One Island by Gretchen Steele Pratt
One Island is an earthy, delightfully vibrant collection by a fine new poet, full of sacred and profane registers. Gretchen Pratt's poems are full of tribes and communities, stories and landscapes from our recognizably shared world. An openness of feeling is jazzily counterpointed by the thousand apprehended things of the world. What we get in the end is a cosmos in which selfhood and world are at play with each other, recombining and changing in encounter after encounter. - Tony Hoagland
Neruda's sea-swept, earth-bound questions might begin each poem in the lovely sequence from which this remarkable book gets its name but Gretchen Steele Pratt goes far beyond "one island" for her answers. She watches and records with precise, heart-stopping invention matters of grief and wet grass, of bare-knuckled hard labor, working through litany and shards by way of ghostly tobacco nets and dismembered barns and pianos from childhood that kneel and ache. Above all, who sings this? she asks back. -- Marianne Boruch
Not even rustles from your red dress, rustles
Coming down the stairs before the red. Not reindeer coming
Toward the fence with their antlers sawed off, toward
Small hands shoved through the chained link, small
Fingernails licked by their dry tongues. Not even fingernails
Sinking into grass. Not even winter sunlight sinking
Without finding me asleep on the rug without
Blankets under the potted Norfolk pine. Not river green blanket
Humidity hanging in the trees. Not Mom and Dad, their humidity,
Amber cocktails melting their veins at that hour. Not amber
Bobby pins sunk in brown pomaded hair. Not even bobby pins
Dropping on the red aisle. Not even that dime dropping
Into my flute before I go on stage. Not the night falling into
Clicking dials of an old gas pump or a cream umbrella clicking
Open. Just bats softening out of the chimney into the open
Backyard blue darkness. Not even me in the wet backyard
Taking off my shirt in front of the new roses taking off.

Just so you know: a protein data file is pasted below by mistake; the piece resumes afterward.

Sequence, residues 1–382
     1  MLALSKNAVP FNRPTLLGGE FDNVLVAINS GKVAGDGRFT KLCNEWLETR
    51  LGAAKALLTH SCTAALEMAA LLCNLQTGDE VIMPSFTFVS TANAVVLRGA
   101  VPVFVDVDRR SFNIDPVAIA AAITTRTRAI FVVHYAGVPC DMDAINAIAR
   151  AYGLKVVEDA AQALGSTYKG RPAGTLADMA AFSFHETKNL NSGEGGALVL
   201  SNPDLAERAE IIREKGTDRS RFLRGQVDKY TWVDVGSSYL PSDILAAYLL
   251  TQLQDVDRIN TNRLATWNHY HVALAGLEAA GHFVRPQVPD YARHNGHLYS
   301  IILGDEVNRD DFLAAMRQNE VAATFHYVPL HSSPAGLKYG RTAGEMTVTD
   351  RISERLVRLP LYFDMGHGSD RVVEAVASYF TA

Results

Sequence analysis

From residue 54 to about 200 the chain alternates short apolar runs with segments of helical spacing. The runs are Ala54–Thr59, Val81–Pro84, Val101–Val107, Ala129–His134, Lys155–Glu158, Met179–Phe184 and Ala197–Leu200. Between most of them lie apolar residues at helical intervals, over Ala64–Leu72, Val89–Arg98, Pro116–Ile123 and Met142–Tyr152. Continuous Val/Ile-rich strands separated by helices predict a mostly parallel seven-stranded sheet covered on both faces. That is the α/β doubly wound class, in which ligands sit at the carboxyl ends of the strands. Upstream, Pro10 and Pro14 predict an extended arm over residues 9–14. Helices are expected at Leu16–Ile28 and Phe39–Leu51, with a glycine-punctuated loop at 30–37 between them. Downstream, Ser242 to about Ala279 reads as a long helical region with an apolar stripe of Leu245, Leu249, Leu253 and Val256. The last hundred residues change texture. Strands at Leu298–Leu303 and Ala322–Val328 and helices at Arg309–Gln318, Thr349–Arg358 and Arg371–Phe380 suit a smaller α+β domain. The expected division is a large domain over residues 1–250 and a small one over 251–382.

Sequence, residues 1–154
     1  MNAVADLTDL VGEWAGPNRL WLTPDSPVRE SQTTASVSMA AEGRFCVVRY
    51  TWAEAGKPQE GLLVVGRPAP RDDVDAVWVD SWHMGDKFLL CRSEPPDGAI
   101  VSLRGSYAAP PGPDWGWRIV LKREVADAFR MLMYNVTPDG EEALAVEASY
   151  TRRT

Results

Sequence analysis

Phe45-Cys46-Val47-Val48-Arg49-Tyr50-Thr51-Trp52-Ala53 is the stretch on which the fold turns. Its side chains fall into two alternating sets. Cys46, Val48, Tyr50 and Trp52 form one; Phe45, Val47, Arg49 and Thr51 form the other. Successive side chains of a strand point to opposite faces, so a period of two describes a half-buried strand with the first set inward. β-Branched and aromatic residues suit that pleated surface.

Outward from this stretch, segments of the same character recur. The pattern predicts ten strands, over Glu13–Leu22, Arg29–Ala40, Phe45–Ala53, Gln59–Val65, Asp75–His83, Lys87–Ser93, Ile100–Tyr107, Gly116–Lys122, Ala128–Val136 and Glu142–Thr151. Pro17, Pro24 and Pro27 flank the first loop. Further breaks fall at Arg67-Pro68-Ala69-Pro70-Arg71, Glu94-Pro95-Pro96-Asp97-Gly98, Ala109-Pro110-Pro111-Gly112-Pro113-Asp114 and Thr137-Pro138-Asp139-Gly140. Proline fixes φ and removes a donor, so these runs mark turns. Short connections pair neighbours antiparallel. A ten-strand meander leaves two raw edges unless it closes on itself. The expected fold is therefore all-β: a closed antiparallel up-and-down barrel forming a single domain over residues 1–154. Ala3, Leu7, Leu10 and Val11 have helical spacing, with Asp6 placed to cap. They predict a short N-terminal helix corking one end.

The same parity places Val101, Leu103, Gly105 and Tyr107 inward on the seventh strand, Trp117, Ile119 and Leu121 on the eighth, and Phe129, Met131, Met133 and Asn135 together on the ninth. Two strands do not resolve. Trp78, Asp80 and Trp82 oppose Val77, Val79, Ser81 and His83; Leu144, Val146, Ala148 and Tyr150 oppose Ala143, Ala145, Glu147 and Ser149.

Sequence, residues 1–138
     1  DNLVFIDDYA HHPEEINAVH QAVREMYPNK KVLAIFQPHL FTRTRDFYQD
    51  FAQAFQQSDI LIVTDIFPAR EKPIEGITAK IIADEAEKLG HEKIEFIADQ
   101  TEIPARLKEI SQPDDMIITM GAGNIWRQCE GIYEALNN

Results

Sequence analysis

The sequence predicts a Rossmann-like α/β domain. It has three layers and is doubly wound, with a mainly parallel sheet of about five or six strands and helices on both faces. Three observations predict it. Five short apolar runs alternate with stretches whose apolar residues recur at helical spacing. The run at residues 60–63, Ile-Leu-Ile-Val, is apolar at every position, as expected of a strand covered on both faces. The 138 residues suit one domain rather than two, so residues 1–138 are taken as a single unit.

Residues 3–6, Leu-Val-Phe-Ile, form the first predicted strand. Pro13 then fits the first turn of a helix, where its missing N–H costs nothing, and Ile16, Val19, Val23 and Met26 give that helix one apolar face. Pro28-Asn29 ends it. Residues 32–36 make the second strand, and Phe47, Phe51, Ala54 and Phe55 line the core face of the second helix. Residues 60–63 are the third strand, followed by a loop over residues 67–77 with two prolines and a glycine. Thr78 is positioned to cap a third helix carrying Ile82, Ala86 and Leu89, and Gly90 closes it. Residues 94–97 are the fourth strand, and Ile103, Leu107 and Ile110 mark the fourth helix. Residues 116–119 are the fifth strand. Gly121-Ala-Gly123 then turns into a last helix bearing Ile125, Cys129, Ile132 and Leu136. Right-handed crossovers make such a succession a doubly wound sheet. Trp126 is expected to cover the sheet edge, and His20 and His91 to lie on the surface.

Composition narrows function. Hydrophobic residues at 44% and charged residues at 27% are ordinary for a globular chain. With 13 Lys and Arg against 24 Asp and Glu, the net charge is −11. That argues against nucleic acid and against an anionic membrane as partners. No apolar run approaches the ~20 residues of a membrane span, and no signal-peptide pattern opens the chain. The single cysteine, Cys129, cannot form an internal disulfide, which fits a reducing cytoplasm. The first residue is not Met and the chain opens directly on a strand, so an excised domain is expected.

Church by the Sea
Out the windows goes the darkness of pews,
The cries of the red-headed twins in white
Linen. Beyond, the fog clears, the asphalt
Trembles in fresh sun, the foundation of a
Mansion crumbles. Beyond,
The suck of the tide.
Out the windows goes the creed,
The homily, the fat lady strumming
A guitar. Beyond, naked strangers
Wake and open their hotel windows.
Out the windows goes the white
Scent of ripe lilies, the shake of
Sanctus bells, the creak of kneelers.
Beyond, the sun and moon are both
Floating, someone's life ricochets back
To them as an ambulance screams down
The hill. Beyond, sheets cracking
On a clothesline. The heave of the tide.
Out windows and doors goes
My father's deep baritone voice singing
That hymn about green pastures
Forever and ever. A windchime
Is dragged through the air beyond
The propped open stained-glass windows.
Since the carnival moved on, my friend has spent
Her time tossing bugs into the spider web she has let
Grow across the entrance to her front porch --
Not only let grow but cleared the way for -- snapping
Heavy lilac branches, ripping out a bottlebrush bush
By the roots, dusting the railings so the silk spindles
Can stick better -- purging anything that gets in the way
Of the spider she loves to watch get fat, to spread out.
When I come over now, I have to go in the back door.
Recently, she tore apart the tea roses that had begun
To twine around the porch posts; before discarding
Their blooms, she plucked the Japanese beetles from
Their pink folds to save as food for the spider.
The petals are everywhere, turning brown and brittle
Beneath my bare feet as we stand outside with our drinks
In the evening to watch the spider. On the other side
Of my friend's house is a beautiful Georgia marsh,
Cranes dipping in and out of the mist. I know she has
Forgotten about the other side of her house and I don't
Say anything. She's set up a spotlight behind the web,
She's taken the framed paintings off the walls in her house
And arranged them in a semi-circle around the web,
Propping them up against tree trunks, pricker bushes,
The bumper of her car. And so I stand beside her and
Watch the spider yoking its silk to the further reaches
Of the bower, gliding down to wrap the beetles
My friend throws by the fistful from a glass jar she holds
In the crook of her arm. I drink and listen to the boats
Threshing by in the marsh, the little waves lapping
Against her floating dock once they've passed.
Sometimes it's so quiet I can hear the alligators dragging
Themselves around on their bellies. My friend has lost
Her beautiful tan here in the shady yard. She's given up
Cooking and so I've set up a card table and chair in front
Of the web and bring her microwaved TV dinners.
And in this way the web continues to unfold. One night,
Right around sunset, a blue butterfly flew into the web.
We drew nearer and the spider swung down to check
Its flurry. It stepped across its wings, wrapping it
In its white thread. As the spider tightened the silk,
The butterfly's brittle wings began to break into pieces,
Sift down and stick to other threads. Out on the marsh
The motor of a small boat strained to pull a water-skier
Upright and then buzzed away. We drew nearer.
My friend almost caught her eyelashes on a thread
Of the web. We stepped even closer. Even the
Pinecones held their breath and the sky paused
Its bronze. The tiny hairs on the spider's legs
Were dusted with flecks of a bright blue ash.